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Comey Reportedly 'Willing to Testify, but Wants It to Be in Public'

James Comey speaking in 2016. (Wikimedia Commons)

James Comey speaking in 2016. (Wikimedia Commons)

Numerous questions remain unanswered after President Trump unexpectedly fired FBI chief James Comey this week, and, several days later, warned Comey via Twitter that he’d “better hope that there are no ‘tapes’ of our conversations before he starts leaking to the press.”

The ensuing backlash from Comey’s dismissal, apparently unanticipated by White House officials, stems from concern that Trump fired Comey due to the FBI’s investigation into potential Russian influence in the 2016 presidential election. The public eagerly awaits answers, especially after an unhelpful Friday press briefing held by Sean Spicer.

There is a chance, however, that Comey could testify before Congress. The New York Times reports:

[Comey] declined a request to testify before the Senate Intelligence Committee on Tuesday. According to a close associate of Mr. Comey, he is willing to testify, but wants it to be in public.

Earlier this week, acting FBI Director Andrew McCabe publicly testified in front of the Senate Intelligence Committee and made it clear that his bureau will not bend to any pressure from the White House.

The news of Comey’s willingness to testify comes one day after Trump’s former business acquaintances shared information regarding Trump’s possible “tapes.” According to the Washington Post:

Throughout Donald Trump’s business career, some executives who came to work for him were taken aside by colleagues and warned to assume that their discussions with the boss were being recorded.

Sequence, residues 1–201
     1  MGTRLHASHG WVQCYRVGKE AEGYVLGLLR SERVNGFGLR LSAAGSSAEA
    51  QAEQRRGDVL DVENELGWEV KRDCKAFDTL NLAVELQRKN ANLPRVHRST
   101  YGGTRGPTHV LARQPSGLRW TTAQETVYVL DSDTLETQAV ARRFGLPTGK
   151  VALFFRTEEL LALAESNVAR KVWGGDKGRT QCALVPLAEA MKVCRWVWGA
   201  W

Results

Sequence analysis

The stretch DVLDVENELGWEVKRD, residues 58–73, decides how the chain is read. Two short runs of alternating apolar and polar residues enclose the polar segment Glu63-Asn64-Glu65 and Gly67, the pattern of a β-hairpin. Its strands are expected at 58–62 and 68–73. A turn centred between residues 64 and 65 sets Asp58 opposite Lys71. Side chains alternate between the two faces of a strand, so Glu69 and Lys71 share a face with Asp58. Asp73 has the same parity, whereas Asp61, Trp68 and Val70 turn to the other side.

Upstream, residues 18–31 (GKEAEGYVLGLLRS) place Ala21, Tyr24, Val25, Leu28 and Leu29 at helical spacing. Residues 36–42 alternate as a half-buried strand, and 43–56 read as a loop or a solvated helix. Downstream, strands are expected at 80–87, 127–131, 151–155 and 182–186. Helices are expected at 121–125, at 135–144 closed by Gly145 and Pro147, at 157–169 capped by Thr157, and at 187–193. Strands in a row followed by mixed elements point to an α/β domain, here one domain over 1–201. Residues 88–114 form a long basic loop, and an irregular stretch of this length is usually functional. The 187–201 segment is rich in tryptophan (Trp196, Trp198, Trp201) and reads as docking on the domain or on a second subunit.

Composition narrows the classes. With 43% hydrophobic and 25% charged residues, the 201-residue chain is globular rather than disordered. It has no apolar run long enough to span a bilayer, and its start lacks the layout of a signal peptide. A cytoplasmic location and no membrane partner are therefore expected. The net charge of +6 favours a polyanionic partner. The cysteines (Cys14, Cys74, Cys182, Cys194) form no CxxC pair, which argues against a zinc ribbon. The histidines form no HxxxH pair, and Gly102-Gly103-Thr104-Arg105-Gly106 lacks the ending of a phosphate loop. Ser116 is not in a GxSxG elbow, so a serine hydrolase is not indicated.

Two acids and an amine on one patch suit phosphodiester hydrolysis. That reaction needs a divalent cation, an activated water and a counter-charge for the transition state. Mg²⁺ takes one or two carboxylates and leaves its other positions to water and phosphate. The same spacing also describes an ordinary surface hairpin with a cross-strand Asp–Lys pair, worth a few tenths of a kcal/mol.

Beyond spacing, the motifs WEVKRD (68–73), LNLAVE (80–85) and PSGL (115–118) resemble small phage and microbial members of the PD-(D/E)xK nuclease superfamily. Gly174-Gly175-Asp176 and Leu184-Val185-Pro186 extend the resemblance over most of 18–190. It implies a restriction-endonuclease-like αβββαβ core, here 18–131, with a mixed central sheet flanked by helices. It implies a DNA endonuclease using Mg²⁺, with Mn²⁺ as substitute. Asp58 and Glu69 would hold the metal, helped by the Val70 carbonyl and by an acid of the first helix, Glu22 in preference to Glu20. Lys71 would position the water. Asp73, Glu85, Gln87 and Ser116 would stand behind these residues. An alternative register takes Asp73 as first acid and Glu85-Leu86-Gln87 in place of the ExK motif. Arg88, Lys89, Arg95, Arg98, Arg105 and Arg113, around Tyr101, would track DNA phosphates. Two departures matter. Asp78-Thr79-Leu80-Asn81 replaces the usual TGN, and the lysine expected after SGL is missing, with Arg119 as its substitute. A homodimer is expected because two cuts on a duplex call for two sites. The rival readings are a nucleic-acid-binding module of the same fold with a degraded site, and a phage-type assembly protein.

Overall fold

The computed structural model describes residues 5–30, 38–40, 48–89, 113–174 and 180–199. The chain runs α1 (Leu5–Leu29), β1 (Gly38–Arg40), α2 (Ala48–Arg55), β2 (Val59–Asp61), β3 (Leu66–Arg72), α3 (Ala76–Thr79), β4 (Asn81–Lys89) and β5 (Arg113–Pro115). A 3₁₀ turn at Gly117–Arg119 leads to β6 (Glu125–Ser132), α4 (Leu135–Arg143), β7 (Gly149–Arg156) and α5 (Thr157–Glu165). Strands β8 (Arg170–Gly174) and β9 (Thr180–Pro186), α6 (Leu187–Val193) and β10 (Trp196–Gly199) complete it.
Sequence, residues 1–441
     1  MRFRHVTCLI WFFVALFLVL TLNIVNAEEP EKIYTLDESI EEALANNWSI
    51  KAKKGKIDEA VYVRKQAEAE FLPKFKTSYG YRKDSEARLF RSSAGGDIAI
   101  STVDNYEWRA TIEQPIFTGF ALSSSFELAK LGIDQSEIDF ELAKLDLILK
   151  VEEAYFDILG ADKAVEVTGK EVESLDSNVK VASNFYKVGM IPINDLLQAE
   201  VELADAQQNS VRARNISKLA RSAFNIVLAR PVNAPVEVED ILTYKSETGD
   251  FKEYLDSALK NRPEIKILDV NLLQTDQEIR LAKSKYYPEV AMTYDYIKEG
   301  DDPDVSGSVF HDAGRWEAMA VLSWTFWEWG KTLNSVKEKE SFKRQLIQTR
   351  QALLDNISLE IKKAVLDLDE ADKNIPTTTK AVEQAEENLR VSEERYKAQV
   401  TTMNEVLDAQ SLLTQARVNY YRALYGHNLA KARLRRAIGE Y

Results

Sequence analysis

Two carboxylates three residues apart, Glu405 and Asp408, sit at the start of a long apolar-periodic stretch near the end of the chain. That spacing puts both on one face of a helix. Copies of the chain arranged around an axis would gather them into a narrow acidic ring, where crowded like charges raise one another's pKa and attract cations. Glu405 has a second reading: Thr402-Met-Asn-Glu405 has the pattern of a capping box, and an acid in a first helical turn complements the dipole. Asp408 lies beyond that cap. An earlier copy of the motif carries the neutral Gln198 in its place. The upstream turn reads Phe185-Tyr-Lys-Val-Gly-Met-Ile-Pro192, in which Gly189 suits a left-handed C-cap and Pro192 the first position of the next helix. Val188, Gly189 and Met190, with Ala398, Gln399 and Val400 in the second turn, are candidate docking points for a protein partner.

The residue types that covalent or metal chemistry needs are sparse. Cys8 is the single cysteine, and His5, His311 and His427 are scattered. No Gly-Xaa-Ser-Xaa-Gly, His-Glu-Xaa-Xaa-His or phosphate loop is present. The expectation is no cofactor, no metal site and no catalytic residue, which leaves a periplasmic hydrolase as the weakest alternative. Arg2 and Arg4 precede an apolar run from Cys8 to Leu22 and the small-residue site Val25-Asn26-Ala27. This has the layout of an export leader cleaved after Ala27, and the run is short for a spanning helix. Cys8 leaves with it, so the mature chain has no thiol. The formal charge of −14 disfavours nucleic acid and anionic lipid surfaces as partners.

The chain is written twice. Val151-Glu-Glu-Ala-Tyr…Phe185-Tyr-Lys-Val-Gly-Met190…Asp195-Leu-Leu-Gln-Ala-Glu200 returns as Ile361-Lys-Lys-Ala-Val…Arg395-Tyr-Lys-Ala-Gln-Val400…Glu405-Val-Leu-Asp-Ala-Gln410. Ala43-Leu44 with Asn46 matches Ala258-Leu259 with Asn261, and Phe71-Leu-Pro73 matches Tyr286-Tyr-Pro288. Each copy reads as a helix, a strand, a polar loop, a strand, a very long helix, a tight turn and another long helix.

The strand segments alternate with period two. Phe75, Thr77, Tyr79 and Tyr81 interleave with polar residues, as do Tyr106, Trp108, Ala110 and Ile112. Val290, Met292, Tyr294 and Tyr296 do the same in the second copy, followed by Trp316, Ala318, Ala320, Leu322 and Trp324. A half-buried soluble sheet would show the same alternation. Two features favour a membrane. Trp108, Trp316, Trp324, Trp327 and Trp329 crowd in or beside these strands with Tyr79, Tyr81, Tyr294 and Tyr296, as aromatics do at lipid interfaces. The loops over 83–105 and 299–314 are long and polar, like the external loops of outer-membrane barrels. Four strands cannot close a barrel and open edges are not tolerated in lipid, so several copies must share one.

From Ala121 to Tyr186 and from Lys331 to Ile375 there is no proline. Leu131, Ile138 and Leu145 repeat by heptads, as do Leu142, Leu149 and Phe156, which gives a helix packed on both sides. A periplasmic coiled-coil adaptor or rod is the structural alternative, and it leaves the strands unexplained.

“There was never any sense with Donald of the phone being used for private conversation,” said John O’Donnell, who was president of the Trump Plaza Hotel and Casino in the 1980s. …

Trump’s fascination with recording his conversations reaches back to the early years of his real estate career, when he installed in his 26th-story office in Trump Tower a “system for surreptitiously tape recording business meetings,” according to an eyewitness account in Harry Hurt’s 1993 biography, “Lost Tycoon.” And BuzzFeed News reported last year that Trump listened in on calls made by staff at his Mar-a-Lago estate in Florida.

Trump sometimes informed reporters who were interviewing him by phone that he was recording their conversation.

As Ken Hughes, a presidential historian with the University of Virginia’s Miller Center, noted in an interview with the Los Angeles Times, any potential recordings of conversation with Comey would become “evidence in any investigation of whether his firing of Comey amount to obstruction of justice.”

“If so,” Hughes explained, “they are evidence related to a criminal investigation and therefore they can be subpoenaed, either by Congress, or by a prosecutor, or special prosecutor if one is appointed, and Trump has to turn them over, as the Supreme Court ruled way back in 1974.”

—Posted by Emma Niles

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